LENNOX, S.D. (KELO) — To plant or not to plant? That’s the question many farmers are finalizing their answers to this summer.
An excessively wet spring after a moisture-filled fall means several in southeast KELOLAND are not throwing in the seed. Instead, they’re throwing in the towel this year.
There’s a lot of mud. So much, Matt Loewe is spending money to dig out of it at his feedlot south of Lennox.
“So I purchased this track loader to be able to get around in there. Move some of the mud around, get it to dry. Get the pen shaped and eventually haul some out and that sort of thing,” Loewe said.
The facility handles 1,000 head of cattle. Keeping them happy and hungry has been a chore to say the least.
“It’s crazy. It’s like a dog chasing its tail you might say or something. We feel like we’re crazy busy and then when you get done with a day of work it’s like, I didn’t get much accomplished,” Loewe said.
Thanks to all the rain, Loewe’s focus has been here tending to the cattle that can use roughly 100,000 bushels of corn a year. Most of which, the farmer grows himself on 650 acres.
Getting that seed in the ground this year though, has been a challenge. Still, it’s one he feels he needs to tackle.
“Is it going to be more profitable for me to not plant the grain and buy it or maybe take a reduced yield and market it through the cattle because buying the corn will come at a cost higher than typically I could sell it for at the elevator,” Loewe said.
We visited his farm on sunny day last week.
Matt Loewe was hoping to do some planting, but he got caught in a rainstorm and the field is still a little too wet for activity.
This work is taking place about six weeks later than normal. Many fields have been too wet in this area forcing planting season to crawl along at a turtle’s pace.
“Finishing up planting some corn and got rained out about 7 o’clock last night. I have just a few hours to plant to get done with that one. But again, you need to drive and check it to see if it’s ready. You can’t just wake up this morning and say, okay now I have to go plant,” Loewe said.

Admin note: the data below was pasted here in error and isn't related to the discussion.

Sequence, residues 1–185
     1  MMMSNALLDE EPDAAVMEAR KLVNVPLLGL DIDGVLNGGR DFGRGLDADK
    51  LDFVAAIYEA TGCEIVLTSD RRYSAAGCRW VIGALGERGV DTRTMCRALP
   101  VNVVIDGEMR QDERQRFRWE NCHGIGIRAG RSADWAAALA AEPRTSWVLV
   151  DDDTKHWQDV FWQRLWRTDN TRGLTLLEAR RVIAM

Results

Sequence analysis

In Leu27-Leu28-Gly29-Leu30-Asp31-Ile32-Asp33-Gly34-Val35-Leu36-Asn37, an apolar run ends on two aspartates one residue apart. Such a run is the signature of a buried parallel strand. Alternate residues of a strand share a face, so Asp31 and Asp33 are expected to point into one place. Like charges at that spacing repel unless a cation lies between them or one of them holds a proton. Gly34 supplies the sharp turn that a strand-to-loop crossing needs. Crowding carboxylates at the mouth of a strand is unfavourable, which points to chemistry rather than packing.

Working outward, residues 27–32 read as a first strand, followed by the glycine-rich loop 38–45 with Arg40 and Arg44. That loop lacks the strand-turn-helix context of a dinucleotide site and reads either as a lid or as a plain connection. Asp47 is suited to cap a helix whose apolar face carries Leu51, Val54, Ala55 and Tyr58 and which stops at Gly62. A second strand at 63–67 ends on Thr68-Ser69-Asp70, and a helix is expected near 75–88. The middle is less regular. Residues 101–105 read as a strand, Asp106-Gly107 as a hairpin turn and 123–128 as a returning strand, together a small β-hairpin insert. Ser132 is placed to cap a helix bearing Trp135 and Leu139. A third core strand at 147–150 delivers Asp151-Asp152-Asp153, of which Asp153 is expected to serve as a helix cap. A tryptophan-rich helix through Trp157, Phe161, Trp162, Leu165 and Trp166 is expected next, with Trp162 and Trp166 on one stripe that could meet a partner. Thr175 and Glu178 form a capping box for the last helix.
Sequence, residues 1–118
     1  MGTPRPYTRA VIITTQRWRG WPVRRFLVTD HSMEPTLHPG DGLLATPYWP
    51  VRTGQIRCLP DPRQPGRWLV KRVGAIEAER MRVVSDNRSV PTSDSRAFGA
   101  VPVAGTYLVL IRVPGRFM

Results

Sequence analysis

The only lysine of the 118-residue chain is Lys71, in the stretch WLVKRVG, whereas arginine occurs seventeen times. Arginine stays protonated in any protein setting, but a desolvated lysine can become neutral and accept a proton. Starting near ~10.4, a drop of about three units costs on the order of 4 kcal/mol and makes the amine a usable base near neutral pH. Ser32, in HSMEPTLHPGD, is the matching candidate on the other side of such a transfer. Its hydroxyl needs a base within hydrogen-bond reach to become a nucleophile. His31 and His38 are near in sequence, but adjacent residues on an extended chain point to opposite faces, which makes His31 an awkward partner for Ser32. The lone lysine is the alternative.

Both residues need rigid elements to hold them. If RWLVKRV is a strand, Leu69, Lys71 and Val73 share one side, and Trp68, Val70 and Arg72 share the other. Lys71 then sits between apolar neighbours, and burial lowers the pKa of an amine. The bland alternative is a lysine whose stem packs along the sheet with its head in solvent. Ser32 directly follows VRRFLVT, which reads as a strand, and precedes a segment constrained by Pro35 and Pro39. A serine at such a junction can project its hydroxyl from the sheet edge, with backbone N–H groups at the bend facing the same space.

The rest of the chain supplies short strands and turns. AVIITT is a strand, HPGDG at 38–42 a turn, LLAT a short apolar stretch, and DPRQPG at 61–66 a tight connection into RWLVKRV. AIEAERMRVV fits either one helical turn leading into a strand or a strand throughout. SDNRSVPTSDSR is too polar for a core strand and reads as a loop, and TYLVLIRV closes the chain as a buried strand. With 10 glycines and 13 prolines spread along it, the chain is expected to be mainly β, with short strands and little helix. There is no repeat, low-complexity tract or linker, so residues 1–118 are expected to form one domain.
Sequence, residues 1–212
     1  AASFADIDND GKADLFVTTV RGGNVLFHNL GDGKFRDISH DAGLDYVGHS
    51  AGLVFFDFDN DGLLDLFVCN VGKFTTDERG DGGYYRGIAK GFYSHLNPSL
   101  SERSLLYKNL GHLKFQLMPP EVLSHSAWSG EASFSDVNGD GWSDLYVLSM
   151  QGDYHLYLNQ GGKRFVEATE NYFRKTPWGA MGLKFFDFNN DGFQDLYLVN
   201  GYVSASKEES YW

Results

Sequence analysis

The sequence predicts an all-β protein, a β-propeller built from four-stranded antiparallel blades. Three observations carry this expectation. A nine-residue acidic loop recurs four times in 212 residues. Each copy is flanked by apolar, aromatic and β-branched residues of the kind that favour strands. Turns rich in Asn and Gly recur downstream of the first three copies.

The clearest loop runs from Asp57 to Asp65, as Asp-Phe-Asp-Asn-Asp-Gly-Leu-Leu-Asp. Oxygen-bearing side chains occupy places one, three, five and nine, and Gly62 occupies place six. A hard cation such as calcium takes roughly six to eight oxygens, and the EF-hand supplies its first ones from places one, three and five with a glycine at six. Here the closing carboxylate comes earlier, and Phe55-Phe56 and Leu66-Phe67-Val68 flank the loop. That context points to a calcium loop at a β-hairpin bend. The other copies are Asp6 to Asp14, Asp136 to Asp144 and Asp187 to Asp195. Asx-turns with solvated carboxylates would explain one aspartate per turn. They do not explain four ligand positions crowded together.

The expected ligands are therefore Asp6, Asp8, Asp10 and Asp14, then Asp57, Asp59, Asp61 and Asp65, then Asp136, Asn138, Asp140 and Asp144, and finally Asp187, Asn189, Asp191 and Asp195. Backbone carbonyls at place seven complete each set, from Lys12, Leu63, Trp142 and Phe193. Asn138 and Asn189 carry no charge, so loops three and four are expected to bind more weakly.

A few miles away, Jonathan and Arlan Hagena just made the decision not to plant in several fields at all this year.
“Everybody is in a little bit different situation but there’s a lot of people around here who’ve hung in the towel,” Hagena said.
From the front porch, you can see one of the few fields of corn they were able make happen. Jonathan says it’s been one of the most difficult years in history for the farmers in this area. A place his family has lived for 100 years.
“My grandparents grew up in the depression, which was a time of unprecedented drought. I’m sure they would be amazed at how much water we’re getting right now. The result is the same though, we’re unable to grow a crop,” Hagena said.
Driving around in his vintage 1977 Ford truck, you can see plot after plot unplanted. It’s a sad sight to behold.
“It’s people’s livelihood and it’s what we’re passionate about and what we do for a living. It’s hard to see all these fields being unplanted,” Hagena said.
Fortunately, the Hagenas’ decision to leave their seed on the shelf doesn’t yield a devastating blow thanks to insurance.
“This is one year. I’m in this for the long haul. We’re fortunate that we do have prevent plant insurance coverage which means that if we’re unable to plant, we get some type of payment. It doesn’t make us whole but it does allow us to survive another year,” Hagena said.
Another reason to be positive, Jonathan says the family will get refunded for the seed they purchased six months ago that they won’t use.
“We invest in our farming operation, our equipment. We still have those bills to pay. We’ll be able to cover that and put shoes on the kids for another year and hope for a better year next year,” Hagena said.
In the meantime, they plan to spend the summer improving drainage and finding a cover crop.
Like the Hagenas, Loewe will also continue to take things one day at a time depending on what Mother Nature throws his way.
“Had to change a little of my plan around but that’s the story of this year I guess,” Loewe said.
“You look at the calendar and times against us, Maybe I’m okay planting 85-percent of what I wanted to and then worrying about that 15-percent later,” Loewe said.
Every farmer’s choices are different but it sounds like the key is to have faith good things will sprout up eventually.
“I would say keep your chin up. As farmers, I think we’re optimists because you put a seed in the ground and you trust that it’s going to grow and something is going to come from it. There’s nothing we can do to make that happen,” Hagena said.